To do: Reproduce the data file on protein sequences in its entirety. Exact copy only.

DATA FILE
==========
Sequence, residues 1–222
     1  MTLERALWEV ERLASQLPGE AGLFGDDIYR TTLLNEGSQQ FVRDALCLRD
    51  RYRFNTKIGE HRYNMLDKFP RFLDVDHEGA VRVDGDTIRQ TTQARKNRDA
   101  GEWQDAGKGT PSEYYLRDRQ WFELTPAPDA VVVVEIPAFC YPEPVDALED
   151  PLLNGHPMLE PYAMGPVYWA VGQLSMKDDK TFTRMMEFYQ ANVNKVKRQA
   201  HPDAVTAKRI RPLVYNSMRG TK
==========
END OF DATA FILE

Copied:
Sequence, residues 1–222
     1  MTLERALWEV ERLASQLPGE AGLFGDDIYR TTLLNEGSQQ FVRDALCLRD
    51  RYRFNTKIGE HRYNMLDKFP RFLDVDHEGA VRVDGDTIRQ TTQARKNRDA
   101  GEWQDAGKGT PSEYYLRDRQ WFELTPAPDA VVVVEIPAFC YPEPVDALED
   151  PLLNGHPMLE PYAMGPVYWA VGQLSMKDDK TFTRMMEFYQ ANVNKVKRQA
   201  HPDAVTAKRI RPLVYNSMRG TK